In the second half of the 20th century, the Jewish community did the impossible; after decades of struggle, Soviet Jewry emerged from behind the Iron Curtain, empowered to emigrate as a result of intense international pressure. Amazingly, a tiny, historically marginalized people emerged victorious against the vast Soviet empire. Looking back, a few key factors made the impossible a reality: a community-wide organizing strategy, the strength and centrality of the voices of Soviet Jews themselves and a clear, unequivocal and uncompromising moral demand. Today, as the Jewish community begins to grapple with the question of how to fulfill its long forgotten responsibilities to its members with disabilities, we would do well to learn from our past.
Twenty-three years after the Americans with Disabilities Act (ADA), guaranteeing non-discrimination for people with disabilities in employment, public services and places of public accommodation, and fourteen years after the Supreme Court’s landmark Olmstead v. L.C. decision that required states to provide services in the community instead of institutions a growing recognition has emerged that many Jewish schools, camps, synagogues and other community resources either actively exclude or are practically inaccessible to people with disabilities. This conversation is long overdue. The Ruderman Family Foundation and other Jewish organizations that have worked to jumpstart this dialogue deserve much credit. Unfortunately, our current Jewish community conversation on disability lacks the vision and moral character that exemplified the struggle to free Soviet Jewry.
To change that, we must challenge the misconception that it is only lack of resources that prevents a truly inclusive Jewish world. To those who subscribe to this fallacy, the question of inclusion is as simple as convincing the right philanthropists to cut a big enough check. While new investment is always welcome, the scope of our challenge is far broader.
Title III of the ADA protects disabled Americans from discrimination in places of public accommodation, ranging from buildings to schools and swimming pools. The Jewish community’s communal institutions supported the ADA’s passage and have worked since to strengthen it. Surprisingly, Jewish communal institutions are themselves exempt from Title III of the ADA, covered under the law’s religious exemption. Though many synagogues have taken upon themselves to become physically accessible, the inapplicability of the Title III has broader implications. The ADA’s religious exemption does not just apply to religious settings, like places of worship and seminaries – it also covers any setting run by a religious institution, such as Jewish summer camps and private schools.
This has consequences. Non-religious summer camps and private schools hardly have perfect records on including youth with disabilities; yet, by virtue of being covered by a civil rights law, campers and students have rights and legal recourse against discrimination. While a Jewish camp or day school may decide to adopt a policy of non-discrimination and accommodation for disabled youth, they are under no obligation to do so. What is a matter of right for most summer camps and private schools is one of charity for Jewish settings. Instead of talking about respecting the rights of disabled people, Jewish communal institutions instead discuss disability in terms of “special needs” – extra rights, not equal ones. As a result, many Jews with disabilities are funneled into programming that segregates them from the broader scope of Jewish life rather than being meaningfully included. Why should we hold our programs to a lower standard than those of the vast majority of the country? Is this consistent with our values?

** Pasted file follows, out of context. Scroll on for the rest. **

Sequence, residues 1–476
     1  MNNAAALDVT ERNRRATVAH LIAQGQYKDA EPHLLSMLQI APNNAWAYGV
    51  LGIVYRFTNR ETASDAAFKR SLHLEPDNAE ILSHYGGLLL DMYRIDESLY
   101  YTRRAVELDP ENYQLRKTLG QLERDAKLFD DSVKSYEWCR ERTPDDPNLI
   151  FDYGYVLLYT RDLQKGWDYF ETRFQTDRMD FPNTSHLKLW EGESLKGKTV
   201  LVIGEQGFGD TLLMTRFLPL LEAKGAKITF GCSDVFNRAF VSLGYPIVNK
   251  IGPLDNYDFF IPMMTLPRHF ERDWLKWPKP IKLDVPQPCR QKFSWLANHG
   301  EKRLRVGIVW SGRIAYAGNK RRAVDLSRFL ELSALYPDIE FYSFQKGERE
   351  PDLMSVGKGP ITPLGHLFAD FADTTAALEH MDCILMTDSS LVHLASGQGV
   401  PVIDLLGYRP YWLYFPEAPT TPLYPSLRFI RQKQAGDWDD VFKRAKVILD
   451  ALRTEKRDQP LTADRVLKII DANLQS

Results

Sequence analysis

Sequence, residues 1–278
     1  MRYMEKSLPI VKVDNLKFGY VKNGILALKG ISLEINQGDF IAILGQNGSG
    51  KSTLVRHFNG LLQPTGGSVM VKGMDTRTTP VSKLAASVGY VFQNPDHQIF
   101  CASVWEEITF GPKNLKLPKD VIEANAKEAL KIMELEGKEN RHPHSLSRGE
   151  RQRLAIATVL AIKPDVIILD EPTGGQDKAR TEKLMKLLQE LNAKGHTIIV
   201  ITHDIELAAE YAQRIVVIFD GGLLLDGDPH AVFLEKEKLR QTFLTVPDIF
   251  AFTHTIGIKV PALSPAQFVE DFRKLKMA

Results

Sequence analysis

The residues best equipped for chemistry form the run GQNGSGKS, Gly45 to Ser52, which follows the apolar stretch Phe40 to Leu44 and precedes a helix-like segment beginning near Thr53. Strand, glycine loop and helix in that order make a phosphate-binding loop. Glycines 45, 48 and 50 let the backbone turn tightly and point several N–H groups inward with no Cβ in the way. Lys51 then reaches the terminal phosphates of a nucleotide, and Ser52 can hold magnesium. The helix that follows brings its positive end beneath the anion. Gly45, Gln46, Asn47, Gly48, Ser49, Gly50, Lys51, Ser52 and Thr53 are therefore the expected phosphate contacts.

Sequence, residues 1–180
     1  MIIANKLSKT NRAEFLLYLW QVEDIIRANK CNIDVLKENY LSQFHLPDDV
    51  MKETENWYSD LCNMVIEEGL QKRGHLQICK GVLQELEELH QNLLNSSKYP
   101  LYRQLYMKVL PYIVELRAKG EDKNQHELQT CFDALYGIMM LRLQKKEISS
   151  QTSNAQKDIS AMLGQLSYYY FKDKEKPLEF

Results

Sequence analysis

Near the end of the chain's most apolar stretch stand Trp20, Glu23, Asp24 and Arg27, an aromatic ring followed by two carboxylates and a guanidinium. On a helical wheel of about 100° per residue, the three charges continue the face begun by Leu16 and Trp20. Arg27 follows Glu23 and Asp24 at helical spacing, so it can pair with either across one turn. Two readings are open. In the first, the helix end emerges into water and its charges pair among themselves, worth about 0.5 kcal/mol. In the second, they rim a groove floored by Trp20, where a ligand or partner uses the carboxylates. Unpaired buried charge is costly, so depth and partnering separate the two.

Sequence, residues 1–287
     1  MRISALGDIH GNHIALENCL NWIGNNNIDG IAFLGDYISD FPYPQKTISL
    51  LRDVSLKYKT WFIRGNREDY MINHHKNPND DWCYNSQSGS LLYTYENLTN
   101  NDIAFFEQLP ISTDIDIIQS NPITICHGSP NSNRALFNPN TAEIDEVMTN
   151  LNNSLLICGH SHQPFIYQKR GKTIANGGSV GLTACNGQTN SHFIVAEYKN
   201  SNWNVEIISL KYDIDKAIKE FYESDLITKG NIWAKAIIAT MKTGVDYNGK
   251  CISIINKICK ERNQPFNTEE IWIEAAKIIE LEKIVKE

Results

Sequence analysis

While it is unrealistic to expect the law to change anytime soon, we can take steps to put our own house in order. Places of public accommodation associated with the Jewish community should voluntarily adopt a policy of compliance with the ADA’s requirements, bringing ourselves under the same structure of rights and obligations we so capably urged the rest of the nation to adopt. As such efforts spread, local and regional Jewish bodies can work to set up enforcement mechanisms to ensure that Jews with disabilities possess these rights in more than name. If we wish to identify ourselves as a light unto nations, it behooves us to ensure that Jewish settings are held to at least the same standards as those of the general public.
There is more to be done, of course, and in the coming weeks and months I look forward to working to jumpstart that conversation at The New Normal. As a Jew active in the disability rights movement, I believe we can do better than we are doing today. Let’s make true inclusion our goal – and in doing so, we can recapture the spirit of liberation that has so successfully energized the Jewish people throughout history.
Ari Ne'eman is the President and co-founder of the Autistic Self Advocacy Network, a national community advocacy organization run by and for Autistic adults. Since 2010, he has served as one of President Obama's appointees to the National Council on Disability, where he currently chairs the Council's Entitlements Committee and is both the youngest and the first openly Autistic presidential appointee in American history. He is a Schechter and Ramah dropout and was one of the New York Jewish Week's 36 by 36 in 2010.
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